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January 23, 2006
3 Min Read
Enterprises should expect a continued move toward stealthier, smaller, more focused attacks on their computer security, IBM said Monday, with the weakest link -- workers' gullibility -- increasingly the focus of hacker efforts.
In its annual "Security Threats and Attack Trends Report" for 2005, IBM laid out the major events of the past year and made security predictions for the next.
It won't be pretty.
"The main thing, I think, is that the computer user will continue to be the weak link in the security model," said David Mackey, the director of security intelligence at the Armonk, N.Y.-based computer giant.
"Users, who may or may not be educated [about security risks], can be easily tricked into executing malicious files," Mackey said, noting that the rapid rise in phishing attacks -- and success by the criminals behind phishing -- is the only proof that's needed.
"It's very difficult for an enterprise to understand who has access to networks. All an attacker has to do, it seems, is send employees an e-mail to get them into running a file. An e-mail arrives with an address from inside the company saying 'run this trusted application;' that's all it takes.
"Criminals will continue to leverage users, since in some respects it's so easy to trick them."
Attackers will increasingly apply "insider" tactics to compromise networks, said Mackey, because the hardware and software security infrastructure, while far from perfect, is significantly better than in past years.
Windows, of course, remains a problem, with vulnerabilities accounting for the majority of weaknesses exploited by attackers. By IBM's count, 1o of the 11 top threats in 2005 were due to Microsoft vulnerabilities.
Continued attention to security will drive attackers "undercover" in some ways, said Mackey. They'll turn to smaller-sized "botnets" and switch to instant messaging and peer-to-peer networking technologies, rather than the traditional IRC, to control those collections of compromised machines.
"They'll strive to evade detection by going small and by using IM or peer-to-peer for command and control," said Mackey. "When an attacker controls a one-thousand bot network through one IRC channel, it's easier to block than IM or P2P."
IBM's other predictions included a warning that emerging technology markets, such as China, India, and Eastern Europe, also offer opportunities for attackers; that blogging risks divulging confidential company information; and that security threats against mobile devices need to be monitored, even though no widespread attack has materialized. IBM's report noted, as has every security narrative of 2005, that attacks have not only become criminalized -- and profitable -- but that the scale of attacks decreased as gangs tried to keep users in the dark by foregoing large outbreaks that brought down media attention. At no time did IBM's monthly threat landscape read above "medium," a mark breached three times in 2004.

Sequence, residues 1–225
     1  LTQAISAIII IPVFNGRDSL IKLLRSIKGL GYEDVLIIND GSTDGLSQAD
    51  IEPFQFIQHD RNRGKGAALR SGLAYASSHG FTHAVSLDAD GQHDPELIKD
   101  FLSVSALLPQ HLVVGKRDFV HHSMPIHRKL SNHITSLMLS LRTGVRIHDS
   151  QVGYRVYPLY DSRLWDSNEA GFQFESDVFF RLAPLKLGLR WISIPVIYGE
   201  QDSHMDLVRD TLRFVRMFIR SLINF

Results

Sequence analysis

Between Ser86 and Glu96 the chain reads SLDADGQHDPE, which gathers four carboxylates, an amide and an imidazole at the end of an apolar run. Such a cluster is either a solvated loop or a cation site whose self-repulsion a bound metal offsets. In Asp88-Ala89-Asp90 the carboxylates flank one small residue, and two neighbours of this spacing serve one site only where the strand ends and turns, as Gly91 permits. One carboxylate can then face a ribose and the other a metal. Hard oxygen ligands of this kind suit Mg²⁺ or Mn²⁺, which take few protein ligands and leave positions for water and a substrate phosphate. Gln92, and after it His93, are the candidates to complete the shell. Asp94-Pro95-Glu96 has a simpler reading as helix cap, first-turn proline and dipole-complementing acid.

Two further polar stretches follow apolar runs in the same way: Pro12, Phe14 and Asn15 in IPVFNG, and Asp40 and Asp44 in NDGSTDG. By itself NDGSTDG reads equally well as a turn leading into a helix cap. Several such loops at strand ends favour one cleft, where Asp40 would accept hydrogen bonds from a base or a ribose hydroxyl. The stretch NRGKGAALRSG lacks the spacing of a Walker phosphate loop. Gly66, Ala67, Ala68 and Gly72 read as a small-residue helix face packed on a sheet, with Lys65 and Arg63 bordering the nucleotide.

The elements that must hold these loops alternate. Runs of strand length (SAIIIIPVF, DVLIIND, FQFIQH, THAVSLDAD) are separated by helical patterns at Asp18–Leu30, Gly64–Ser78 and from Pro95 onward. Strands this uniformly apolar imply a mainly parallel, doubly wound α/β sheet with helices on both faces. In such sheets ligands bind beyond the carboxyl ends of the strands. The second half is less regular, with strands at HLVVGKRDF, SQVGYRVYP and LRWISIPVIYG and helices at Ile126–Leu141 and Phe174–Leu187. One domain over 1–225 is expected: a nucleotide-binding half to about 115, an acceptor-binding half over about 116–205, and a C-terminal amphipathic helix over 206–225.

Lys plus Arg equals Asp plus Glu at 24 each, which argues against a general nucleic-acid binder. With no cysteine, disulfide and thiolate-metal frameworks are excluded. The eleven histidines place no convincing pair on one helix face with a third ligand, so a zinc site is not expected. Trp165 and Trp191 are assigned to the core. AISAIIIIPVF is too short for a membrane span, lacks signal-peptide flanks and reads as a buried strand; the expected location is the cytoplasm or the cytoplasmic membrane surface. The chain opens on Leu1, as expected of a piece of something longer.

And attackers are using economical globalization to hide their practices and/or keep themselves out of jail.
"Cyber criminals take advantage of poor international cooperation and launch cross border attacks with little personal risk, so the threat to and from emerging and developing countries is increasing," Mackey's report read. "It then becomes far more difficult to trace the attacks back to their source, especially when trends show attacks are increasingly originating from regions, such as Eastern Europe and Asia, where sanctions are more lenient and enforcement is limited."
There were some bright spots in 2005, said Mackey, where dire predictions at the end of 2004 just didn't pan out during the year. Unfortunately, these misses were few and far between.
"We really thought that attacks against voice-over-Internet (VoIP) and phones and handhelds would be heavy in 2005, but that didn’t' turn out to be true," Mackey said. The just-released report noted that although VoIP sniffing and replay tools exist, the threat against VoIP ended the year much like those against wireless devices: malware was few and attacks limited.
"We need to continue to monitor cell phone security though," said Mackey. "Because there's been an increased number of variations of cell phone malware."
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